There’s a swelling melancholy, a yearning for something just out of reach, that that creeps in. It’s a strangely calming experience…. You leave reminded that who you are is often where you’ve been.
We travel to escape. But how far can you get when you’re caught inside the bubble of the Edinburgh Fringe? Poet Ryan van Winkle and sound artist Dan Gorman are seeking to find out with this meditative collaboration.
After you have filled in a multiple choice survey with questions like, ‘What is your favourite smell?’ Van Winkle ushers you up some stairs and into a top floor room in Summerhall. You then enter a small tent filled with cushions – and Gorman.
Once you’re looking through the viewfinder, Gorman switches on music that sounds like a call to prayer and you cycle through differing images of Mecca as van Winkle reads out poetry that weaves in your earlier choice of answers to the questionnaire.What follows recalls elements of Winkle’s last piece at the Fringe, the hauntingly nostalgic Red Like Our Room Used to Feel. There’s the same evocation of childhood when he gives you a red plastic viewfinder and quietly asks you to point it at a ramshackle cardboard tower, covered in slides.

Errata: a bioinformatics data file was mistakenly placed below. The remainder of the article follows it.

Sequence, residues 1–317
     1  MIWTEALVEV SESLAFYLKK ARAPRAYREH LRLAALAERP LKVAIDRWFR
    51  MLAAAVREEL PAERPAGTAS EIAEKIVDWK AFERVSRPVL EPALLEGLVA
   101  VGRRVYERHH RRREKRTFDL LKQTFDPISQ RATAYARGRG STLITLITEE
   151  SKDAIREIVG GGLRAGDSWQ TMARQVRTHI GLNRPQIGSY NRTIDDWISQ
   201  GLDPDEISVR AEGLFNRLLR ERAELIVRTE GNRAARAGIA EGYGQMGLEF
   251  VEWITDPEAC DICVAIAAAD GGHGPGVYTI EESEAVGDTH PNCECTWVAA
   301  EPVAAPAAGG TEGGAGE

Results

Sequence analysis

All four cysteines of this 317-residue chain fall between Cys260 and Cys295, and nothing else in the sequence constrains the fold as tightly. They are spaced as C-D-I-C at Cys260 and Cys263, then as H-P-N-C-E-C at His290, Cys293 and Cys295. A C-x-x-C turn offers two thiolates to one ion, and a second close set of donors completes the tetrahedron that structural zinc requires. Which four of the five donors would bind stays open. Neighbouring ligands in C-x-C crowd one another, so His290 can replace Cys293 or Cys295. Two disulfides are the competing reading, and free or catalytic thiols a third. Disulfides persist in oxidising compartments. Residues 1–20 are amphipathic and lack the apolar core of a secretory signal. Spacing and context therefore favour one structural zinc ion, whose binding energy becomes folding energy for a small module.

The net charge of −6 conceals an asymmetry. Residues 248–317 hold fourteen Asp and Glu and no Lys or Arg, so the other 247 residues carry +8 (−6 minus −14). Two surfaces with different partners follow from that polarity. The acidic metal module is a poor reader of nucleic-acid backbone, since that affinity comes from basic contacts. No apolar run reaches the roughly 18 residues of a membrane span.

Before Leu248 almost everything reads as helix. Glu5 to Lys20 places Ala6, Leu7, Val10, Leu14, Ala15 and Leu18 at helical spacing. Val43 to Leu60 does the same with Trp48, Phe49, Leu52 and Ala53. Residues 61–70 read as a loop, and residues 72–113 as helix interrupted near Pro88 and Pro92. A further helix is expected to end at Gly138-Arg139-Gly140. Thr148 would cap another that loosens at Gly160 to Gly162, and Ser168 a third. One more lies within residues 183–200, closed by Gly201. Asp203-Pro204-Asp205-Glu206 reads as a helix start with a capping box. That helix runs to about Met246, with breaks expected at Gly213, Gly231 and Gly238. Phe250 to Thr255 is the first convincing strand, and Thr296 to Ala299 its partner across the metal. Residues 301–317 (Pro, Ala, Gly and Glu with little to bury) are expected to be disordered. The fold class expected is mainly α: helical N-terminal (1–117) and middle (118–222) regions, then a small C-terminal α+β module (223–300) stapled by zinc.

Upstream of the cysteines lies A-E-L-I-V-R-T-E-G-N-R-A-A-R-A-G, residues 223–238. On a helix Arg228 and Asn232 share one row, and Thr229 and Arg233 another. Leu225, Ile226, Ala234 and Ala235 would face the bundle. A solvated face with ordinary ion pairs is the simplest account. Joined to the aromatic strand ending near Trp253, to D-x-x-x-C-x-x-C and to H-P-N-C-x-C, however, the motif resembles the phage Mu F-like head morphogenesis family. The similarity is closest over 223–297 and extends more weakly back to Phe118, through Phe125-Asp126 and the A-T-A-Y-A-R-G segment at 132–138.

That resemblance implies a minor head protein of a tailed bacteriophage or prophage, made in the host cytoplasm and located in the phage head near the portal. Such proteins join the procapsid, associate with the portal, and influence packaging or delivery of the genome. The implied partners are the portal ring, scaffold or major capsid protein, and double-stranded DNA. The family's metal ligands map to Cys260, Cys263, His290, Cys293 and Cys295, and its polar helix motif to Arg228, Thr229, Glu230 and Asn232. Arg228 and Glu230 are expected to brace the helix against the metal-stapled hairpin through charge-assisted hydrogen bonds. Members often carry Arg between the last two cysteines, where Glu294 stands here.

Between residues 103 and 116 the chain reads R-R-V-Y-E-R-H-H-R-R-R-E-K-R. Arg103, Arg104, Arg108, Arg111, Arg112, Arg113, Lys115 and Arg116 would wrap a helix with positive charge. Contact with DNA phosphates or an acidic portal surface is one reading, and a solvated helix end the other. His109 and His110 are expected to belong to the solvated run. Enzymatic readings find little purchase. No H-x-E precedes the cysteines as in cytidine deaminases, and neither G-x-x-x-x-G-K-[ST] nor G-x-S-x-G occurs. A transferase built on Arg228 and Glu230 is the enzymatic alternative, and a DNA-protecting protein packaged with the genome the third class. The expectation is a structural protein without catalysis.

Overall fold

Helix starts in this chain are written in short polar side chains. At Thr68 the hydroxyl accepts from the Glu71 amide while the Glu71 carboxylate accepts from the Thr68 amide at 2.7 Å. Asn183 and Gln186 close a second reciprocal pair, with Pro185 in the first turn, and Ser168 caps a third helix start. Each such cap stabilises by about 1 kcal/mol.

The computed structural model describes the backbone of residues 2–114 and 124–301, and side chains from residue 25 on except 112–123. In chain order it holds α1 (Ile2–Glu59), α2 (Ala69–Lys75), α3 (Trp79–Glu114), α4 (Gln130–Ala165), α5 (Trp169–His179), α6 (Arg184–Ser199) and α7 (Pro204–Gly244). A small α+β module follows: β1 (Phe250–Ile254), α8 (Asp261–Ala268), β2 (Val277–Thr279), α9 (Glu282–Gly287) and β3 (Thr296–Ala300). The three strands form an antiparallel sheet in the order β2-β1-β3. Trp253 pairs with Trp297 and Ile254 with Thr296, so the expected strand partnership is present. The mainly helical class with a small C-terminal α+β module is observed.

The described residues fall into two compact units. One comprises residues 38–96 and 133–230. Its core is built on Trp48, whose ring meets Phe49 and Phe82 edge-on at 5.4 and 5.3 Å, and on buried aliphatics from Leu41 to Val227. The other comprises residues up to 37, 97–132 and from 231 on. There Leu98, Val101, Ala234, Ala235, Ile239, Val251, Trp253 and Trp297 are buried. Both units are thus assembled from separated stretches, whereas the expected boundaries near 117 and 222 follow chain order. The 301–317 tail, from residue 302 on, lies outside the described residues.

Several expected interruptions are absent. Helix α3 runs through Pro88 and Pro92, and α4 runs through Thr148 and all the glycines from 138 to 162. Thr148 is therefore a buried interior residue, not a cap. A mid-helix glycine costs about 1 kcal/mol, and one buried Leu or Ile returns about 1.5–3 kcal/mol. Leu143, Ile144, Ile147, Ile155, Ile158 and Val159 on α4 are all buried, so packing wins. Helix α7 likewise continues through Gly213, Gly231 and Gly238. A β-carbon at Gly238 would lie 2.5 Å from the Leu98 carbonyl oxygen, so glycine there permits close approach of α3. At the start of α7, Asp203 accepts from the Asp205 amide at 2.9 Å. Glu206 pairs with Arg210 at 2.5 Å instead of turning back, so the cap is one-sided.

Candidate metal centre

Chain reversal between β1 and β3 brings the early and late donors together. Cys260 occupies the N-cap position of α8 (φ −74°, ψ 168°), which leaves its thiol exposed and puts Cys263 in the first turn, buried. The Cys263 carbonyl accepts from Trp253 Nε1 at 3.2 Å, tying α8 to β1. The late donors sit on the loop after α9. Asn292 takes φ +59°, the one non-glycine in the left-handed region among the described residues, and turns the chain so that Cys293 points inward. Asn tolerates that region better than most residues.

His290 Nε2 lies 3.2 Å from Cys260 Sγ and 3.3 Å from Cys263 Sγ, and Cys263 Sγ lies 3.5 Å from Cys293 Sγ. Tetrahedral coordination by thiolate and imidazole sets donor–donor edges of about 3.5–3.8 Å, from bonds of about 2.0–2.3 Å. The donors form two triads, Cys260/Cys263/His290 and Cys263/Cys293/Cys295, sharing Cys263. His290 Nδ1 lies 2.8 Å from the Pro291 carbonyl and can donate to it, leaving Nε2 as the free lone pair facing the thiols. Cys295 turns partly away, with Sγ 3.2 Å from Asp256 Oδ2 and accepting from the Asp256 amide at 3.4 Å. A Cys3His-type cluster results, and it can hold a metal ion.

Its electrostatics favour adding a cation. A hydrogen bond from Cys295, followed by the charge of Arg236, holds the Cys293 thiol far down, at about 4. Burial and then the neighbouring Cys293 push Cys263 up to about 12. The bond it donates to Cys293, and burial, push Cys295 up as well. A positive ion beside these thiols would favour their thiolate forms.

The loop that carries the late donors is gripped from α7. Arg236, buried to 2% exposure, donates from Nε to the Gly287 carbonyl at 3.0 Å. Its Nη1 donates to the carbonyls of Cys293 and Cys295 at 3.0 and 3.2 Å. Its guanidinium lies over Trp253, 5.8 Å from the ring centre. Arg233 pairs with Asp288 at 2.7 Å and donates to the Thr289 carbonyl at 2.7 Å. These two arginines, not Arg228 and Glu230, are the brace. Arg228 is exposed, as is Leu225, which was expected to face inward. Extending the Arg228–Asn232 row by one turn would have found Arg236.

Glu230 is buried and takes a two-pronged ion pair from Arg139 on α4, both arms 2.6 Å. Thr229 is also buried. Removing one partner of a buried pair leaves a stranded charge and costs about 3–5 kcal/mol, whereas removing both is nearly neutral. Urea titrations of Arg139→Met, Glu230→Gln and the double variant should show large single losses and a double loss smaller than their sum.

The effect is transporting. Like the objects lining the walls in Red Like Our Room, the blurred, brightly coloured images of crowds and aerial views seem old-fashioned –photography from another age. Quite aside from where they were taken, this pulls you out of the now and drops you somewhere else.
Van Winkle’s poems have the effect of de-specifying the religious scenes before you; his words move around crowded shopping centres and evenings as the sun sets, when streets again become places to visit rather than endured.
It takes several minutes to get over the self-conscious awareness that there are two other people in the small, enclosed space. And some of the more New Age-y lines of verse jar. But there’s a swelling melancholy, a yearning for something just out of reach, that that creeps in.
The concentrated focus of looking through a tiny viewfinder forces you to shut out the peripheral world in more ways than one. I found myself lingering over certain images more than others – wandering into the frame. It’s a strangely calming experience.
The effect isn’t as all-encompassing as Red Like Our Room; ironically, you never feel as though you’ve left the Fringe as far behind. But like the composite of slides on the makeshift tower, you leave reminded that who you are is often where you’ve been. And the Polaroid van Winkle takes of you before you go is another memory to add to that album.